How can we create healthy relationships when we “like” each other more on Facebook than in person? We e-mail or text in code and rarely look up from our smart phones.
Dr. Judy Kuriansky says good relationships require time and attention. As the “media’s psychologist” she’s given the same advice for over 20 years, she says, because people have not changed. Romantic relationships especially take focus and acknowledgement. Couples should spend two nights a week together––away from children, cell phones and texting––and pretend you are getting to know one another for the first time. Ask questions and really listen to the answers like you did when you tried to impress each other. Staying present and involved in the interaction is what couples lose after years of familiarity.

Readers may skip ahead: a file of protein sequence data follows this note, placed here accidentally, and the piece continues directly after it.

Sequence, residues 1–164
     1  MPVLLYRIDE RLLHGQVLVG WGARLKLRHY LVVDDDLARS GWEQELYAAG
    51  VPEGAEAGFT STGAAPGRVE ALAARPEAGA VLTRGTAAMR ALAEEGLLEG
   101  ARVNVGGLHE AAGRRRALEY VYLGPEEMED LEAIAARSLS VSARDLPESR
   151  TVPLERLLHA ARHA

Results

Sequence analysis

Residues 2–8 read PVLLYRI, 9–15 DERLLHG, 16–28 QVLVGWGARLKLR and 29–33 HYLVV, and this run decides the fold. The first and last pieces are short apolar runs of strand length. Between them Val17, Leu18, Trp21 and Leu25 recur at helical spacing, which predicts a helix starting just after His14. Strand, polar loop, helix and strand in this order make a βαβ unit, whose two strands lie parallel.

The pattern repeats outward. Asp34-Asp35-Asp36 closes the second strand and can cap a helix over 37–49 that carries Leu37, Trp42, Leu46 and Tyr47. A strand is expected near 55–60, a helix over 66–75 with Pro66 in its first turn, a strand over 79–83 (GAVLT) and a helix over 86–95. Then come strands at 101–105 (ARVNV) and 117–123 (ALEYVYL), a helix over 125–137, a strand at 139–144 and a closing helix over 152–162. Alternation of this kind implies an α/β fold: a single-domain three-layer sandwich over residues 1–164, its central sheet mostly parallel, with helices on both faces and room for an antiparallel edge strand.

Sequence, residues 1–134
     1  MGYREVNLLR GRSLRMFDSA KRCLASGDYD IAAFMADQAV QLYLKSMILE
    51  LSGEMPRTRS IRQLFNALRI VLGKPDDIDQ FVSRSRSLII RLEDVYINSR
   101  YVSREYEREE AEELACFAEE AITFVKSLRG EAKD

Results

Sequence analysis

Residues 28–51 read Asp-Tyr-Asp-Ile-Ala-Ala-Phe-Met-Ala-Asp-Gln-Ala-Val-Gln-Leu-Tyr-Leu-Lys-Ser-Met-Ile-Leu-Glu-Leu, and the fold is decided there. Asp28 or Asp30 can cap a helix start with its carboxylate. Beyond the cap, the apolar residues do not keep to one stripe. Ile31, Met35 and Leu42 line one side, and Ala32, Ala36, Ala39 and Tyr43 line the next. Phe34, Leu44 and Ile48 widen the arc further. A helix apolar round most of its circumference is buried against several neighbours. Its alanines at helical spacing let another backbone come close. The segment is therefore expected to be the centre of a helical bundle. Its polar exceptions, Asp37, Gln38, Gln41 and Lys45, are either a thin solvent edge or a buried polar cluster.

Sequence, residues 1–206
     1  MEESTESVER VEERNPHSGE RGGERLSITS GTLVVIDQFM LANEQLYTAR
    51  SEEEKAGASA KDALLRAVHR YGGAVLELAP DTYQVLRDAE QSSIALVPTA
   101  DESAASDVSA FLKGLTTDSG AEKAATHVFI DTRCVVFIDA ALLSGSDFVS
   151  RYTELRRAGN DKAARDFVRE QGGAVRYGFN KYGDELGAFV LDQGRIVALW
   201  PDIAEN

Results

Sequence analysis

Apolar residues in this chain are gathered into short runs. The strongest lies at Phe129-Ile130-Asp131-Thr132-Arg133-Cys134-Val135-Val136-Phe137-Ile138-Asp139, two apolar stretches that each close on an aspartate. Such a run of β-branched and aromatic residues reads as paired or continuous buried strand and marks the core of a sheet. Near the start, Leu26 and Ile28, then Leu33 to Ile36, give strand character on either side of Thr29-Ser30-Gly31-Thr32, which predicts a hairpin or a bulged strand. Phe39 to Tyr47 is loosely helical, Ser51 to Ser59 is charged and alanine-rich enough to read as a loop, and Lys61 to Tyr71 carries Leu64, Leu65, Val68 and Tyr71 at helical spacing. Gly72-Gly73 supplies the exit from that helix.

Dr. Judy wrote The Complete Idiot’s Guide to a Healthy Relationship, 2nd Edition
to help couples assess their interactions and chart a plan for making them more exciting and interesting. It really isn’t rocket science. We all want to feel that our partner cares about us. Little thoughtful gestures like offering to carry something or help with a simple chore are signs of healthy relationships.
Dr. Judy and Dr. Nancy talk about the importance of self-love and self-esteem, the detrimental physical and psychological effects of abuse and the health benefits of spending time with friends.